Paul Pritchard

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Levitation lessons?

St Joseph of Cupertino levitating during prayer

Levitation lessons are requested by the novices at the Benedictine Convent of Oby in Sylvia Townsend Warner’s engaging novel The Corner that Held Them. 

Now there’s a thought!

How splendid it would be to be able to levitate. Jasmine, parish assistant, has suggested it could solve the problem of how to clean the high level windows in St Chrysostom’s. Unfortunately, it seems that those who have levitated as Christians didn’t always have an easily controlled direct flight path – we’d not want someone to crash into the windows.

Branwell Booth, son of William Booth, founder of the Salvation Army, told how at Salvation Army Holiness meetings “beyond all question he saw instances of levitation–people lifted from their feet and moving forward through the air.” Some early strands of Methodism record the phenomenon too, but the phenomenon does not seem to have been reported in the Church of England.

St Francis of Assisi was said to be able to levitate, as was the Orthodox saint St Seraphim of Sarov. Perhaps the greatest example is St Joseph of Cupertino (1603 – 1663) – feast day September 18th. It is recorded how this saintly Franciscan during the mass, and the church’s prayers, would levitate. Understandably his religious superiors felt this habit was rather disruptive to the congregation and so he was confined to a smaller sphere of influence.

An image of the Buddha levitating

Several world faiths have claimed examples of levitation among their followers. Examples are found, for example, in Buddhism, Hinduism, Judaism and Christianity. However the scientific community understandably remains rather sceptical, and explanations of illusion, hallucination etc are given.

Poor nuns of Oby, it seems then they may not achieve their aim to levitate – unless perhaps they wander into mystical ecstasy.

Perhaps an insight for us all from G K Chesterton, might serve as a first step towards levitation:  Angels fly because they take themselves lightly.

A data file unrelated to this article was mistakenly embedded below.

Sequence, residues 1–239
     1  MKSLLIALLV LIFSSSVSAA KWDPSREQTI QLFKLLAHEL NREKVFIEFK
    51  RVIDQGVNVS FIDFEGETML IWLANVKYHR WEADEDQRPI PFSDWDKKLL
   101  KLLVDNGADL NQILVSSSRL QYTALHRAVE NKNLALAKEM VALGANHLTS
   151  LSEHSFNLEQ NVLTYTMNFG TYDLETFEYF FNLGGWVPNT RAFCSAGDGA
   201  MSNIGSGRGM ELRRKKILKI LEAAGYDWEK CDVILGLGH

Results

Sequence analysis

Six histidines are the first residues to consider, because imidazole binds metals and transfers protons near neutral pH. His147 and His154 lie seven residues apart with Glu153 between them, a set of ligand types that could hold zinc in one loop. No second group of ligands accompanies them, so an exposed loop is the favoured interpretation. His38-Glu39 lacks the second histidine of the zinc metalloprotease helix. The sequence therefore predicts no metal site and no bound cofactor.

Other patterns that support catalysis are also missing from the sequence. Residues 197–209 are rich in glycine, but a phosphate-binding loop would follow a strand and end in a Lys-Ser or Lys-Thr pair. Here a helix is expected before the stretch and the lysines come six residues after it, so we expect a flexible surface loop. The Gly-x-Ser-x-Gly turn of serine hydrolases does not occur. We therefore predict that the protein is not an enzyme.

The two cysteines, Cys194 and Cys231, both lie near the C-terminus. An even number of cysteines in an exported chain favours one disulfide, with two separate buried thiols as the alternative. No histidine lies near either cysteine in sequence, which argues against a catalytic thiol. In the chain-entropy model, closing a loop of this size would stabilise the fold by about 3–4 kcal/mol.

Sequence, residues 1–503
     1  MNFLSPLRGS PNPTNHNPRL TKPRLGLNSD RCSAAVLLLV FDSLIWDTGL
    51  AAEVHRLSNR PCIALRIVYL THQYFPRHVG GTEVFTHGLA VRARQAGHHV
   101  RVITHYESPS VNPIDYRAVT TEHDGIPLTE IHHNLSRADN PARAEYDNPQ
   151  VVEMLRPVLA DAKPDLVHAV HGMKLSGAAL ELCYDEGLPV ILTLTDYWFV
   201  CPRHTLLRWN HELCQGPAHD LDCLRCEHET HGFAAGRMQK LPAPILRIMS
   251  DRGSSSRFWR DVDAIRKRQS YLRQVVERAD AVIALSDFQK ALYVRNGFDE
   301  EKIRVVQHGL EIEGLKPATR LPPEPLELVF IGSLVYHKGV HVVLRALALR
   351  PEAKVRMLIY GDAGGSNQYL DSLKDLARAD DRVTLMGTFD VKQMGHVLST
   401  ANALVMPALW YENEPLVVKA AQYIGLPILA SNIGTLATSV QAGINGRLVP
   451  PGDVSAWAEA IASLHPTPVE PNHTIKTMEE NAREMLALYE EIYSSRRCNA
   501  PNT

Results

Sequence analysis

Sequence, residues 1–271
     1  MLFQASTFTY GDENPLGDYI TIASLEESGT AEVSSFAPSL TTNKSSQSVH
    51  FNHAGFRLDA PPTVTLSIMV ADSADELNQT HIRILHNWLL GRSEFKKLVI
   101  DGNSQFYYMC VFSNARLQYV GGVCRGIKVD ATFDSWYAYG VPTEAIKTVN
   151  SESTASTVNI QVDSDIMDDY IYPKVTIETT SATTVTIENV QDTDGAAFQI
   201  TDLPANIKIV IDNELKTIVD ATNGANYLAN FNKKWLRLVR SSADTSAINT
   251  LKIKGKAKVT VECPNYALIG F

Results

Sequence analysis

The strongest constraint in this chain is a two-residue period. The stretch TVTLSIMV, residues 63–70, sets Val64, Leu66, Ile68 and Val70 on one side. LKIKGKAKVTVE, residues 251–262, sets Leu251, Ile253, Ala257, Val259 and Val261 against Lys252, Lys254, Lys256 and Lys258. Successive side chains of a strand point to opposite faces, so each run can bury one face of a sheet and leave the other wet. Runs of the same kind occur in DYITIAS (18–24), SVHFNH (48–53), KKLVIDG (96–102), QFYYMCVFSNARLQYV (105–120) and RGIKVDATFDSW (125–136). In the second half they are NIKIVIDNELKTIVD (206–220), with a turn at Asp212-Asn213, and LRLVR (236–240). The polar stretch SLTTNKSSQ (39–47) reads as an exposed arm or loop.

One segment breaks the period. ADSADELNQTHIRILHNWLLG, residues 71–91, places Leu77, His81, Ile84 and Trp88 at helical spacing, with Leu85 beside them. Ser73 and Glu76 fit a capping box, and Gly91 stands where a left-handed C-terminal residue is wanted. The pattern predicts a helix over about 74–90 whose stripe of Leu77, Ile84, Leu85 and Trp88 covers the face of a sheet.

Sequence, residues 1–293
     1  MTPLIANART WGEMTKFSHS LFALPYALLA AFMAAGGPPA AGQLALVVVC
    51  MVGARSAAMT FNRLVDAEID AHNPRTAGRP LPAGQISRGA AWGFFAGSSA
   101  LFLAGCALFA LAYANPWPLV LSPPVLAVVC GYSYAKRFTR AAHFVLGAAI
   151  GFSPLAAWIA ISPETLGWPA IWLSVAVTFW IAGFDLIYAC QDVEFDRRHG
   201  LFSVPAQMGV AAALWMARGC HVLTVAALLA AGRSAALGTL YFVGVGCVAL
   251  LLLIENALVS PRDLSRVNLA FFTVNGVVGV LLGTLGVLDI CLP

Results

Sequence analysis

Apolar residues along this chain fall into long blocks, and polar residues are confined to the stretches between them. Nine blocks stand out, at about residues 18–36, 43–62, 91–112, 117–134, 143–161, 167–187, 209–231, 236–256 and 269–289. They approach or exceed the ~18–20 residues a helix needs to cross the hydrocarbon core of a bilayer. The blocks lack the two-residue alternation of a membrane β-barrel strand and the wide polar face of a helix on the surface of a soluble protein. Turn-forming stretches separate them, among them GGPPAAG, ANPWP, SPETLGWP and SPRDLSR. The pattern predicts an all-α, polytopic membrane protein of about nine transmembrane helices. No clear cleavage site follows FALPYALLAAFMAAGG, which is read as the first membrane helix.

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Mount Carmel

In our sermon series on Hills of the Bible Canon Alma spoke on Mount Carmel. Here is a summary of what she said:

A view of Mt Carmel

Mount Carmel was the dramatic setting for the Prophet Elijah’s confrontation with the prophets of Baal. It was a great showdown – between Gods one prophet and the 400+ devotees of a false religion.

The whole of Elijah’s life was out of the ordinary. Remember, at the Transfiguration on Mount Tabor, Jesus was accompanied by Moses and Elijah, the two greatest figures of the Old Testament.

Elijah is God’s appointed prophet to oppose the evil regime that the First Book of Kings describes- that of Jezebel and Ahab. Appalling government and perverted religion- within living memory, the world has suffered terribly from these. There has been Stalinism, Nazism, Apartheid and now Islamic extremism. There have always been a few, sometimes a very few heroes, who have battered against these evil forces- people such as Dietrich Bonhoeffer or Nelson Mandela. Elijah’s story tells the cost of such a stance. He is sent to prophecy a long drought for Israel as the Lord’s punishment. While the Baal religion dominates and the King and Queen are abusing their power, the nation suffers .

A statue of Elijah at the Carmelite Convent, Mt Carmel

Eljiah goes into hiding, and suffers the despair and fear of his isolation. God sends him food via the ravens, and later by angels. While in hiding with a poor widow, he performs a miracle by providing food during the famine, and keeps them alive. When the widow’s son dies, he brings him back to life. But the great showdown with Baal prophets happens at Mount Carmel, when each prepares a sacrifice and calls down fire from heaven to burn it up. Elijah is so confident of God that he drenches his sacrifice in water. The opposing prophets in a fury, call unavailingly on Baal all day long, even slashing themselves with knives to urge him to act. Elijah, meanwhile, mocked them, telling them to shout louder – perhaps their god is asleep! Of course Elijah sacrifice is burnt up, water and all.

But this triumph does not bring Ahab and Jezekel down nor is it the end of Elijah’s struggle. Again, he flees and is consoled by God with the still small voice, that shows his presence.

He sees the end of the great drought with the sight of a ‘cloud no bigger man’s hand’ in the sky.

So what a film it would make! Lone, victorious hero against tyranny and false religion. Times of fear and despair, when God consoles him. The dramatic showdown on the mountain. The miraculous provision of oil and meal for Elijah and his protector . His raising the boy from the dead and finally his assumption  into heaven

Elijah is a huge hero, and he figures still in Christian and Jewish thought, for all that he fought against is all too evident in our world.